In our last article, we broached the subject of debt and the township’s reliance – or over-reliance – on debt to fund our yearly expenditures for items such as roads. So, ok, we want to reduce our reliance on debt moving forward, especially as the cost of borrowing is rising. What’s the solution?

Well, there’s no magic wand we can wave to suddenly end our reliance on bonding.  We are not going to add $6 million to the township’s operating budget in one year because that would result in a large tax increase to residents. Rather, the answer to this problem is found in fiscal discipline and restraint over a period of years, with each year bringing us closer to our goal of a debt-free Bridgewater. So here are a few areas that we need to focus on.

Spend less. This is an obvious answer, but is not always simple. We still need to do road and infrastructure improvements, which is the number one cost driving debt. However, there are other items on which we spend borrowed dollars that we should scrutinize carefully. Recently, the council rejected a proposal to borrow $70,000 to put up new signs at our township parks. There’s nothing wrong with our old signs; this was simply an effort to “improve” the existing signs. I believe, as did Councilman Filipe Pedroso, that the project, however well-intentioned, did not merit borrowing $70,000.  So we rejected the bond ordinance. $70,000 may be a drop in the bucket of overall spending, but it is $70,000 less debt we are taking on this year, and less interest we will have to pay back going forward. We need to continue to look for such items  that may be nice to have, but are not necessary expenditures of taxpayer dollars. 

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Borrow less. We should also consider paying for more items with cash rather than incurring debt, along with larger down payments  and reducing the total amount we borrow on individual projects. This year during the budget review process, the council found savings within the budget and redirected that money toward paying cash for existing authorized debt as well as for increasing the amount of money that will be available for down payments on this year’s borrowing. This nearly $100,000 will once again help the township reduce the cost of interest that would otherwise be incurred on that debt.  Add that to the $70,000 for park signs, and money begins to add up.

Proper planning.  If the township is truly serious about reducing reliance on debt, we need to create a long term plan that sets target goals for debt reduction based upon our existing debt schedule, and to properly plan to put additional resources into our operating budget to either pay off existing debt sooner or to take on less new debt, or both. While the council can look through the budget each year to find savings, if we are truly going to change course, there needs to be a long term vision for debt, which simply does not exist now. That should include the help of professionals along with our council Budget Committee.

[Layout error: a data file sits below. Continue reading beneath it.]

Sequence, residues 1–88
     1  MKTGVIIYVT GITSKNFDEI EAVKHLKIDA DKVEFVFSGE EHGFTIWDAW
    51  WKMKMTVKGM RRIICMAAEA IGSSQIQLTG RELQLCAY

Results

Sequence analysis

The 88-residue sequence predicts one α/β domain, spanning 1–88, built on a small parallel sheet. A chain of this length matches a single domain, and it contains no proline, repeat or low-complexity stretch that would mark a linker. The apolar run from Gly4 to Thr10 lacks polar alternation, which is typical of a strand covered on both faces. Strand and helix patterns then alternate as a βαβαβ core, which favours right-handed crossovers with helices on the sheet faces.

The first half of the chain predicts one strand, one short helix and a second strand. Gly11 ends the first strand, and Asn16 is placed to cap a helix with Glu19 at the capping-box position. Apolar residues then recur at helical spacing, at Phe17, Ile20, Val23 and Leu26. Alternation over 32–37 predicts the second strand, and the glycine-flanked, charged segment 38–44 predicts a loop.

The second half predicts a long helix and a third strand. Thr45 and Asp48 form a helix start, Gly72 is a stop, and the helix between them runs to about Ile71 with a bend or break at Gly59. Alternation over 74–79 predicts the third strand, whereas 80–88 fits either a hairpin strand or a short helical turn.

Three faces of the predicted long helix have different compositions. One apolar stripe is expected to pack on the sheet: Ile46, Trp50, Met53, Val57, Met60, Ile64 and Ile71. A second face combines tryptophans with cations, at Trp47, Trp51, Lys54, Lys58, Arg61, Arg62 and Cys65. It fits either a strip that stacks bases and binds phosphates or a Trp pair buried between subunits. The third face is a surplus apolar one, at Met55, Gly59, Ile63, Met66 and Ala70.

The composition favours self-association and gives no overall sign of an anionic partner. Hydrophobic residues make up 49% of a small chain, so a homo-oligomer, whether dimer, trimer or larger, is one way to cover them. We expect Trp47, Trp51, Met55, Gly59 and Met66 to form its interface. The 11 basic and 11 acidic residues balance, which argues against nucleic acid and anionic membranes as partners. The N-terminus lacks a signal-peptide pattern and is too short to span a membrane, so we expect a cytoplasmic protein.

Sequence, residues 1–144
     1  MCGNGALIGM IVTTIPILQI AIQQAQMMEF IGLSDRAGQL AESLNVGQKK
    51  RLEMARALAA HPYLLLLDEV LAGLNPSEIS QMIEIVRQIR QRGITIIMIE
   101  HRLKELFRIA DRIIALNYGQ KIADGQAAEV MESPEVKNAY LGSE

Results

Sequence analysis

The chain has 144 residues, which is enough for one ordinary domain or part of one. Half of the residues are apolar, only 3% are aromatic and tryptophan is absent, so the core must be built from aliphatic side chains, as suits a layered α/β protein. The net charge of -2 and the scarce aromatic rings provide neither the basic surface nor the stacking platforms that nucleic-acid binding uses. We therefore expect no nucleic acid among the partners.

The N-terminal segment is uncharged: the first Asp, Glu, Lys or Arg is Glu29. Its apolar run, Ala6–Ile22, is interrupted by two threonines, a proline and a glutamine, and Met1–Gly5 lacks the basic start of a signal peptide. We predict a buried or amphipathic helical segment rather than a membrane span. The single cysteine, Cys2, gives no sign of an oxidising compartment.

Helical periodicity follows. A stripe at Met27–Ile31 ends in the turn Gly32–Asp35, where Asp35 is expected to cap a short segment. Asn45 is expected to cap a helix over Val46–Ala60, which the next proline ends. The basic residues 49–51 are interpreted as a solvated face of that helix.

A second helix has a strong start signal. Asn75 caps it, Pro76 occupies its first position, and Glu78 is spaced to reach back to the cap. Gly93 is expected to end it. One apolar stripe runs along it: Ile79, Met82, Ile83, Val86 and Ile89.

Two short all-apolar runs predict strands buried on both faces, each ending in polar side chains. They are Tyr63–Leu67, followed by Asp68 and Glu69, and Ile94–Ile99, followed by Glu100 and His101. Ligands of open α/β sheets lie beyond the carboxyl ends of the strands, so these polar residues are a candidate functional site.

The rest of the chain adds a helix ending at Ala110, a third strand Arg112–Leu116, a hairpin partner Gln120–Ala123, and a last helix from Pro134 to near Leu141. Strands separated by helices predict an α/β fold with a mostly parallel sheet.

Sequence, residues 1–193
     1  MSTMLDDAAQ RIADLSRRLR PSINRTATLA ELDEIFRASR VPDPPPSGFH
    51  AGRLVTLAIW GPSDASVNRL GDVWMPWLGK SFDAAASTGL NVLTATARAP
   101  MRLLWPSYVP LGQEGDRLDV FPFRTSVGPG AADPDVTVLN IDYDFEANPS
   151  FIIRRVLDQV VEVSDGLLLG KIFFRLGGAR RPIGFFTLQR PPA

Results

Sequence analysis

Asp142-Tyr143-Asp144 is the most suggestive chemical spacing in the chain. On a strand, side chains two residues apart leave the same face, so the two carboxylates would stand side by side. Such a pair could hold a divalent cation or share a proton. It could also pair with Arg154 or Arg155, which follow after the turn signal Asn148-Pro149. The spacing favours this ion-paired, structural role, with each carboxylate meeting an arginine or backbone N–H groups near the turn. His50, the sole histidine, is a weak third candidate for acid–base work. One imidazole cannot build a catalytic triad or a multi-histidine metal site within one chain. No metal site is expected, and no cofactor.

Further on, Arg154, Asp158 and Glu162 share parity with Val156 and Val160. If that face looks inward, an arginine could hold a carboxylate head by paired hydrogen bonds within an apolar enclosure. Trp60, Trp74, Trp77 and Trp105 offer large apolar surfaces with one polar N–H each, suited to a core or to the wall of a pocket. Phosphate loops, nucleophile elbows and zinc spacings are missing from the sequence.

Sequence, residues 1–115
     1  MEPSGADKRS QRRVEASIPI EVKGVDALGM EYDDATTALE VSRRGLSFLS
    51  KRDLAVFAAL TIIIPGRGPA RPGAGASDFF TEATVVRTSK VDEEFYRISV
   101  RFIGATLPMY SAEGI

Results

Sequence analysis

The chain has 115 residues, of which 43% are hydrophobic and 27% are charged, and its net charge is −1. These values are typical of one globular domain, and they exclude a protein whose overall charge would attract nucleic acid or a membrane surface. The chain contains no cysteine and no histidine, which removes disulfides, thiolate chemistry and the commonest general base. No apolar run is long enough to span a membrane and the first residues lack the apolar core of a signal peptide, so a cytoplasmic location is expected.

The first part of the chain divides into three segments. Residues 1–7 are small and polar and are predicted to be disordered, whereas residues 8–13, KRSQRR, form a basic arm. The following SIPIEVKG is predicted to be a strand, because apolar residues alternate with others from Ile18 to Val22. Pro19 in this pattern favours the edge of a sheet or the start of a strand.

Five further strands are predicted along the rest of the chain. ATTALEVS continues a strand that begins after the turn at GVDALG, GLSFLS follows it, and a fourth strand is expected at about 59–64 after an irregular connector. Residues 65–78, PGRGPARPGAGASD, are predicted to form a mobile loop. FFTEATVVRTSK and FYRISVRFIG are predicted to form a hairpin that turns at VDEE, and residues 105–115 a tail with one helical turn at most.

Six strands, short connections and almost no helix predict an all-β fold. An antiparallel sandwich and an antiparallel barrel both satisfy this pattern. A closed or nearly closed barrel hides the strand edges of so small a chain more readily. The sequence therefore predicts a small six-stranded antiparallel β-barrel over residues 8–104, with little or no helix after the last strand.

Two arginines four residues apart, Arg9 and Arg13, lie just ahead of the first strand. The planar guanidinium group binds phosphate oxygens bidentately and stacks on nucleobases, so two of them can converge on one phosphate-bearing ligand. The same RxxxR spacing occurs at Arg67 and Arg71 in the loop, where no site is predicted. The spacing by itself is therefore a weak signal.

Find additional revenue.  Along with proper planning, the township should consider directing newfound sources of revenue – such as from new hotel taxes or development fees – toward debt payments rather than simply adding on new programs (and related new costs). Governments always want to grow - and grow - and grow - and with that comes rising expenses. Someone needs to say no to new expenditures and direct additional revenues towards debt reduction that will have the long term effect of lowering costs, reducing taxes, and allowing more funds to be available for desired services. In an example of lost opportunity, the administration recently failed to increase our requested grants from the State Department of Transportation after the influx of money into the Transportation Trust Fund from the increased gas tax made more money available to municipalities.  While other towns received hundreds of thousands of dollars more in state grants, we didn’t even ask, potentially losing out on significant money for road repairs.   

Reduce costs.  The township needs to continue to explore ways of reducing the underlying costs of the items for which we are borrowing money, such as putting road projects out to bid as a group, increasing competition and finding savings from one company doing multiple roads in an area. We need to continue to look for partnerships with Somerset County and through purchasing co-ops, as well as restructuring our existing debt through refinance authorizations, such as the one the council approved recently.   

Yes, these steps are small, especially when each one is taken on its own. But any worthwhile effort is made up of countless small steps which, when taken together, lead to great success. I believe we need to have a long term vision of our financial health and well-being for our township.  As a father of three young kids, I lose sleep thinking about how they are going to be the ones paying for this debt. I hate thinking about how they may be priced out of living in Bridgewater, and reducing the township’s long-term debt is one way we can keep our township affordable for years to come.  We gain nothing by putting off for tomorrow our problems of today. We need to take steps now, to plan for our future, and I hope that I can keep driving this discussion at the township to make sure our future is bright in Bridgewater.